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Dentofacial and upper airway characteristics of mild and severe class II division 1 subjects

Julia Bollhalder, Michael P. Hänggi, Marc Schätzle, Goran Markic, Malgorzata Roos, Timo A. Peltomäki
DOI: http://dx.doi.org/10.1093/ejo/cjs010 447-453 First published online: 16 March 2012

Abstract

The aim of this retrospective, cross-sectional study was to assess whether mild and severe Class II division 1 subjects have craniofacial and upper airway characteristics, which relate to the severity of Class II as judged by overjet or ANB angle. The sample consisted of pre-treatment lateral cephalograms and dental casts of 131 males and 115 females (mean age 10.4 ± 1.6). Inclusion criteria were: healthy Caucasian subjects, at least ¾ Class II first molar relationship on both sides and overjet ≥ 4 mm. The cephalograms were traced and digitized. Distances and angular values were computed. Mild and severe Class II was defined by overjet (<10 mm/≥ 10 mm) or by ANB angle (<7 degrees/≥7 degrees). Statistics were performed with two-sample t-test and Pearson’s correlation analysis. In the two overjet groups, significant differences were mainly found for incisor inclination while the two ANB groups differed significantly in SNA, WITS, Go-Pg, SpaSpp/MGo, SN/MGo, and Ar-Gn. The shortest airway distance between the soft palate and the posterior pharyngeal wall was significantly correlated to the NS/Ar angle. Statistical analysis revealed several significant correlations. Patients with a large overjet or ANB angle differed significantly from patients with a small overjet or ANB angle mainly in their incisor inclination. In the present sample, the overjet and to some extent also the ANB angle is determined by soft tissue or individual tooth position rather than by skeletal background. In retrognathic patients, a tendency towards smaller airway dimensions was found. However, statistical analysis did not reveal a strong connection between upper airway and dentoskeletal parameters, but a large interindividual variation.

Introduction

Class II malocclusion with a particularly high prevalence (20–30 per cent) in Caucasian populations (Myllarniemi, 1970; Bowden et al., 1973; Lavelle, 1976; Proffit et al., 1998) is a common orthodontic problem. Therefore, its characteristics have been widely discussed in the literature (Wylie, 1947; Wylie and Johnson, 1952; Fisk et al., 1953; Sassouni, 1969, 1970; Hitchcock, 1973; Dibbets, 1996; Baccetti et al., 1997; Rudolph et al., 1998; Varrela, 1998; Klocke et al., 2002; Sayin and Turkkahraman, 2005). It is also evident that there is large interindividual variation in terms of craniofacial and dental morphology as well as severity of the Class II malocclusion (Moyers et al., 1980; McNamara, 1981).

Comparison of subjects with Class II malocclusion versus Class I occlusion revealed an increased mandibular plane angle (Henry, 1957), smaller mandibular size (Craig, 1951), and increased vertical dimension (Altemus, 1955) and face height (Hunter, 1967) as typical features for Class II malocclusion. Obstructive sleep apnoea patients with small pharyngeal airways tend to have features typical for Class II subjects, that is a short and retrognathic mandible (Battagel et al., 2000) and sagittal discrepancy between the maxilla and mandible (Lowe et al., 1995). Possible relationship between the severity of Class II and airway size, however, has not been adequately studied.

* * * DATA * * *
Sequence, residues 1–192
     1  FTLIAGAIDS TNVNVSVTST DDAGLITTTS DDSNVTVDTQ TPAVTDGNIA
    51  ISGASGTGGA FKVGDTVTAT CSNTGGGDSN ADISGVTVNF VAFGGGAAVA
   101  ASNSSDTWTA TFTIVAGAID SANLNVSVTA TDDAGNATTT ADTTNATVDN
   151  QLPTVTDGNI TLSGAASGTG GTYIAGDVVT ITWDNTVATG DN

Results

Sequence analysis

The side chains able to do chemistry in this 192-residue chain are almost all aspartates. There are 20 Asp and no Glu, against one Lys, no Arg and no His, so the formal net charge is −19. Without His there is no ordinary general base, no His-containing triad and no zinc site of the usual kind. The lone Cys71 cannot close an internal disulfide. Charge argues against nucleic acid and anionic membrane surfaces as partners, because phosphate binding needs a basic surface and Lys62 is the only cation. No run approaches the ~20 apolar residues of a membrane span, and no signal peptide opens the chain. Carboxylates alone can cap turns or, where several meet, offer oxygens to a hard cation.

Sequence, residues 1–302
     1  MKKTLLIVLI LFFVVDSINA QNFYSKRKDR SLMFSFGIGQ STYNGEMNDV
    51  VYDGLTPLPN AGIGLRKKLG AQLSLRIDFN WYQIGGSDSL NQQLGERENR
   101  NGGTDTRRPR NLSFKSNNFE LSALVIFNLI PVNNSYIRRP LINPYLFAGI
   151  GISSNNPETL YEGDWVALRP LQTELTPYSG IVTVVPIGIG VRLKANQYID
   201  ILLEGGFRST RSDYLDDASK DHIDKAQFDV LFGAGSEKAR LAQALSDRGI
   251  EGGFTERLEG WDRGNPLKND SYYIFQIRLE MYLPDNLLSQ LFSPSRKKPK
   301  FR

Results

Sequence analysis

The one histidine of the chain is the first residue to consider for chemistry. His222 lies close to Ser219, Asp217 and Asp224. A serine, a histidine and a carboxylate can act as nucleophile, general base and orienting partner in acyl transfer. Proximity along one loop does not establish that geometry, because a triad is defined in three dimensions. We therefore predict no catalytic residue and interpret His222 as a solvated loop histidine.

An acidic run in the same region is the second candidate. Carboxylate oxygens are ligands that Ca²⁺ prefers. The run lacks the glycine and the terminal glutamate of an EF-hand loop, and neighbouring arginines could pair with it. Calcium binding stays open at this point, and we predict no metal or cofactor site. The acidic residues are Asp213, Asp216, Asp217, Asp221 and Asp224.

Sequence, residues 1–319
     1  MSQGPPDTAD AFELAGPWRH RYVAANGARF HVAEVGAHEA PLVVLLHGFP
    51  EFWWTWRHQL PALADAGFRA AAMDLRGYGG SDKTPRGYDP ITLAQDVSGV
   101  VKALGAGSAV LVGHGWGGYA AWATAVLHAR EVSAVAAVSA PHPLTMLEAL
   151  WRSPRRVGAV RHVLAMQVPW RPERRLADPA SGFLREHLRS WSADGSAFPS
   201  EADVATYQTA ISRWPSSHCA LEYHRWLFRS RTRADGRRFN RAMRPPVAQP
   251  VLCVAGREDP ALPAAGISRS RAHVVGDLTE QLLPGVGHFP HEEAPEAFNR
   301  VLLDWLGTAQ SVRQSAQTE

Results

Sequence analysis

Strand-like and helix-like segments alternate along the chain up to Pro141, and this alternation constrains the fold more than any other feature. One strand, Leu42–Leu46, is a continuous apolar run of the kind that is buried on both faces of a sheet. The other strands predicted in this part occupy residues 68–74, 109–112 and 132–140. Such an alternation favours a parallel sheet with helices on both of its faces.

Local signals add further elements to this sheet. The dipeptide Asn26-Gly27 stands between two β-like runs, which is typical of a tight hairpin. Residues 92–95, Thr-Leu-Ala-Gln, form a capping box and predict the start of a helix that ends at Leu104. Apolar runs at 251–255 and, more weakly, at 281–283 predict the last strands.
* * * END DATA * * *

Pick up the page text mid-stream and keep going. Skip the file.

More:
The extent of sagittal discrepancy defines the severity of Class II malocclusion. Several parameters are used to assess the degree of deviation from the norm of skeletal, dental, or the combination of both components. One of the measurements defining the severity is the overjet. In most orthodontic indices of treatment need or outcome, the overjet is considered as a major determinant of malocclusion severity (Grainger, 1967; Linder-Aronson, 1974; Shaw et al., 1991; Richmond et al., 1992a,b). The general assumption is that the larger the overjet, the more severe a Class II would be and therefore also the need for orthodontic treatment more urgent. This assumption is supported by publications reporting an increased risk for upper incisor trauma with an increase in overjet (Jarvinen, 1978; Artun et al., 2005). The severity of the Class II also has an important influence on the treatment plan. It has been suggested that in subjects with an overjet greater than 10 mm, surgery may be the more successful treatment option rather than functional appliance treatment (Proffit et al., 1992). Also in the widely used Index of Orthodontic Treatment Need (Shaw et al., 1991), subjects with more than 9 mm overjet belong to the group with ‘very great’ treatment need for orthodontic treatment (Grade 5). Difficulties in treatment do not only arise from a large overjet. Skeletal sagittal and vertical relationship, amount and direction of the remaining growth, and inclination of the incisors usually play an important role in determining the complexity of treatment. From a skeletal perspective, the ANB angle is commonly used to describe Class II severity, even though points A and B are to some degree also affected by incisor position (van der Linden, 2008).